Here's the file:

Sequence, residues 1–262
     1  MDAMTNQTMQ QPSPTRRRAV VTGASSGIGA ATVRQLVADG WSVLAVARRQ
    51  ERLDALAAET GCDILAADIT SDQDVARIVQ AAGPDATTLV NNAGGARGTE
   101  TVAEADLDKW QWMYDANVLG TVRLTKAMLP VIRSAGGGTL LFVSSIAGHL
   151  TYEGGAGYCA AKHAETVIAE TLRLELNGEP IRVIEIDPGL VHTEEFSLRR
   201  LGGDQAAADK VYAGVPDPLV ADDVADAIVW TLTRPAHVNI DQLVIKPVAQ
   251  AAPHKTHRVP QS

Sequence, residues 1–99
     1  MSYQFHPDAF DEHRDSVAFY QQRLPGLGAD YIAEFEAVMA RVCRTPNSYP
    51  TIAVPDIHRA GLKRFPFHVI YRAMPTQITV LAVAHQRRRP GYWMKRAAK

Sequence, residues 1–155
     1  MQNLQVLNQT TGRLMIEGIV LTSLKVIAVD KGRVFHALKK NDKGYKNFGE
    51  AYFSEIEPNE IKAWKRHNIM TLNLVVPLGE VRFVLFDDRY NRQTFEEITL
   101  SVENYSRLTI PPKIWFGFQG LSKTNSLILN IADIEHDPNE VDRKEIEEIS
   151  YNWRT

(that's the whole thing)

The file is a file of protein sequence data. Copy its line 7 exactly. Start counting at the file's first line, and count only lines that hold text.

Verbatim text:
   251  AAPHKTHRVP QS